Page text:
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Neurotoxicol Teratol. 2010 May-Jun;32(3):346-55. doi: 10.1016/ Epub 2010 Jan 21.

Effect of a neurotoxic dose regimen of (+)-methamphetamine on behavior, plasma corticosterone, and brain monoamines in adult C57BL/6 mice.

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  • 1Division of Neurology, Dept. of Pediatrics, Cincinnati Children's Research Foundation, Cincinnati, Ohio, United States.



In rats, neurotoxic doses of methamphetamine (MA) induce astrogliosis, long lasting monoamine reductions, reuptake transporter down-regulation, and learning impairments.


We tested whether comparable effects occur in C57BL/6 mice.


C57BL/6 mice were treated with 10mg/kgs.c.x4 MA on a single day and evaluated at various intervals thereafter.


The neurotoxic dose regimen of MA caused the predicted acute hyperthermia and increased striatal glial fibrillary acidic protein and reduced neostriatal dopamine. The MA-treated mice were hypoactive 24h later but not 48h later. MA-treated mice also showed exaggerated initial hyperactivity after a pharmacological dose of MA used to stimulate locomotion followed by a later phase of hypoactivity compared to saline-treated mice. No differences were observed on learning or memory tests (novel object recognition, egocentric, or spatial learning/memory). MA-treated mice showed a trend toward increased prepulse inhibition but not baseline acoustic startle reactivity. After testing, MA-treated mice showed reduced neostriatal dopamine and increased basal plasma corticosterone.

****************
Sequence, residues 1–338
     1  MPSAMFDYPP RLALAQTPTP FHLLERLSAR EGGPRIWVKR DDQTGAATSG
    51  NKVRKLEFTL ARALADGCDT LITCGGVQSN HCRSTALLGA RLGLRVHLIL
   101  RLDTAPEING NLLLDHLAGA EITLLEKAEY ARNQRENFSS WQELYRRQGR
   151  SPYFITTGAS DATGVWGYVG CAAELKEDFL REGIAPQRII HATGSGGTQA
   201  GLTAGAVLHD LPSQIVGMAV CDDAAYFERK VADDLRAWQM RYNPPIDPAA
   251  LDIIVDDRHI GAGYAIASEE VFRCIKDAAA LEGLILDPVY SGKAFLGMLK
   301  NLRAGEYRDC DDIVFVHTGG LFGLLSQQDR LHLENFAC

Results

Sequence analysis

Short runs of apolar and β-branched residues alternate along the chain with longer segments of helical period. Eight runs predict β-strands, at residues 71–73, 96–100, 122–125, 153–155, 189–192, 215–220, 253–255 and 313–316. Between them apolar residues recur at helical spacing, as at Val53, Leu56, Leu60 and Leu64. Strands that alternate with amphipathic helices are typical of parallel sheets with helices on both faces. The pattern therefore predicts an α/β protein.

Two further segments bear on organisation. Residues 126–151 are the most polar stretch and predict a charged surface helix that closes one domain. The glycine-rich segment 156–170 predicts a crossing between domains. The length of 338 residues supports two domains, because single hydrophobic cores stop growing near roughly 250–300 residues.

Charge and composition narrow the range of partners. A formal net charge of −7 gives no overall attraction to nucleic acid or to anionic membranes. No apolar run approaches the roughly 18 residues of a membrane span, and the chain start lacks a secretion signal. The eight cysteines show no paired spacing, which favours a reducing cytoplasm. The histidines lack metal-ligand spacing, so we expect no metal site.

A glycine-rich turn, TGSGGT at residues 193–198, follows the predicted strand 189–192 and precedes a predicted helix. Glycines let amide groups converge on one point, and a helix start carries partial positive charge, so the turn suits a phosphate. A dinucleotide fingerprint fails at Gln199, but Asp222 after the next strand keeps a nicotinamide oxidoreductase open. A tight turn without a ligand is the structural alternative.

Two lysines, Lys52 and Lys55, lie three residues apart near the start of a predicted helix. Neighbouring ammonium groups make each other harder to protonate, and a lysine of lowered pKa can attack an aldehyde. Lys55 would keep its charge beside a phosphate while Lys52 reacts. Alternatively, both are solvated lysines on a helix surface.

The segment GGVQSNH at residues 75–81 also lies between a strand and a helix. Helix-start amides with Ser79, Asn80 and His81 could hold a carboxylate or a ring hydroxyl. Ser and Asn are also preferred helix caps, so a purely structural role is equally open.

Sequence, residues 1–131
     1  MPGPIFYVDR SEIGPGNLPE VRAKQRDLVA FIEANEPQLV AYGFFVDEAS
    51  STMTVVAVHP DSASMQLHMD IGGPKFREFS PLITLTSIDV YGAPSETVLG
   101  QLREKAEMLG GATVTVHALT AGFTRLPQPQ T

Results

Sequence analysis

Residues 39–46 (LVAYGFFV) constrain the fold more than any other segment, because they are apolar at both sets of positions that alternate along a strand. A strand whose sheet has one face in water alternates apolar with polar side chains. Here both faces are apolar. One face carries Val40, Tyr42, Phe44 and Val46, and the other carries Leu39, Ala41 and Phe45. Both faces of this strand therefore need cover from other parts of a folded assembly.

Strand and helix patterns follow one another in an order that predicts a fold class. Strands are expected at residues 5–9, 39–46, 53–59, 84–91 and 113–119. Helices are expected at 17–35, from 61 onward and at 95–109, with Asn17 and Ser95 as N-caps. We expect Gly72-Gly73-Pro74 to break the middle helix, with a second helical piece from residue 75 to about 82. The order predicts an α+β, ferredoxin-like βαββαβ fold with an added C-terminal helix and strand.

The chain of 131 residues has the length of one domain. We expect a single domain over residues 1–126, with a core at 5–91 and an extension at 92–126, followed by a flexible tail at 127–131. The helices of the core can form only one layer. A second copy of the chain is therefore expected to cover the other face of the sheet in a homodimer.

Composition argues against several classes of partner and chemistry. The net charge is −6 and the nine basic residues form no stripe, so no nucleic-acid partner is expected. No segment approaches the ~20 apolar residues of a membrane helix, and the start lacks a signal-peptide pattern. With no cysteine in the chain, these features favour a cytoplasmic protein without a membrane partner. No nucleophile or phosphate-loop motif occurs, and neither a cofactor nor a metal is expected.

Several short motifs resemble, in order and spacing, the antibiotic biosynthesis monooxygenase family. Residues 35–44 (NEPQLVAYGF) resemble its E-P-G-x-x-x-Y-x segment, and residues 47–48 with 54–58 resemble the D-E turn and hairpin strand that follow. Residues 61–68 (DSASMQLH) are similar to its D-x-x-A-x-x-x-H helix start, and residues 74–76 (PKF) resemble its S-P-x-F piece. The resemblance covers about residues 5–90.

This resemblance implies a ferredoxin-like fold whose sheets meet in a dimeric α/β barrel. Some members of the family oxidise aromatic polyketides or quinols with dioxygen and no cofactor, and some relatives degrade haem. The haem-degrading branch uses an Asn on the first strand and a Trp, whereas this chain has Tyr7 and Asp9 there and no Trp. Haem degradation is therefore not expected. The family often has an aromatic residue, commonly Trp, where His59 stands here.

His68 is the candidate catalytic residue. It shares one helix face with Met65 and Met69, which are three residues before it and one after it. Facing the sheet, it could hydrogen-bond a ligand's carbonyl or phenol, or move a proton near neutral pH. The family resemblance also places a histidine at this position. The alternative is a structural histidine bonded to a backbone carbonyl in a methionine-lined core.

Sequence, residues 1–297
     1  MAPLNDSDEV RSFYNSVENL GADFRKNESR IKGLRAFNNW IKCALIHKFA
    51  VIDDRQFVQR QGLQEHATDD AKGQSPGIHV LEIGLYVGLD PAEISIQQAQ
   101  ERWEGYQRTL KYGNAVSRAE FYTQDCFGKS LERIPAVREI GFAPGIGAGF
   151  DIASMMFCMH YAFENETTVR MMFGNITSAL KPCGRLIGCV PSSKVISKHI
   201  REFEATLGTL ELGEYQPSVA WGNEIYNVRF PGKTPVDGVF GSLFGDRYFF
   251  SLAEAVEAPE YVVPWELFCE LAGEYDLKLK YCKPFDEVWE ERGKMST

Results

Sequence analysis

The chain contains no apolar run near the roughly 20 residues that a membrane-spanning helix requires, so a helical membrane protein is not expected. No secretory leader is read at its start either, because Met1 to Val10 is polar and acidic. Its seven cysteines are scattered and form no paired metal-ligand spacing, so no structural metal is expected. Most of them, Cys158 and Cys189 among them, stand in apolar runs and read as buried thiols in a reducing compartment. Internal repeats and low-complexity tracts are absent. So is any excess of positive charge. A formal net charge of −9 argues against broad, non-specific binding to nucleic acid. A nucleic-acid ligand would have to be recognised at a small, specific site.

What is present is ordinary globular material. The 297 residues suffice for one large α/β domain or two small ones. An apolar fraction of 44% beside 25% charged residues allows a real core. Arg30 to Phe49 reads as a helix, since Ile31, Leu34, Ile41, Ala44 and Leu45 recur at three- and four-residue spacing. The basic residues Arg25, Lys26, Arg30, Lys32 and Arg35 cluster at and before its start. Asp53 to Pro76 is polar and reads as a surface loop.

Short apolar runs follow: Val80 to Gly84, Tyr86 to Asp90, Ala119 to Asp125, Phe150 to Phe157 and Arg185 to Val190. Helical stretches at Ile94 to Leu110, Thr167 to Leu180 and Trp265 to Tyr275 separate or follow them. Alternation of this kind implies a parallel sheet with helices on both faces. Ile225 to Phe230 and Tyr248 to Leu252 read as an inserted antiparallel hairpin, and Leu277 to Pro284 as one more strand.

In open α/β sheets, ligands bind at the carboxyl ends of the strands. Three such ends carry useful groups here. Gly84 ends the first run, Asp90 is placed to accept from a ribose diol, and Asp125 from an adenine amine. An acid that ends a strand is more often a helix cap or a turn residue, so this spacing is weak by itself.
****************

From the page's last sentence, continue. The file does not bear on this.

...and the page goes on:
A neurotoxic/binge regimen of MA in mice that produces the typical pattern of neurotoxic changes to those seen in rats, results in few behavioral changes. This may limit the utility of C57BL/6 mice for modeling the cognitive and behavioral effects described in human MA users who show such changes even after prolonged abstinence.

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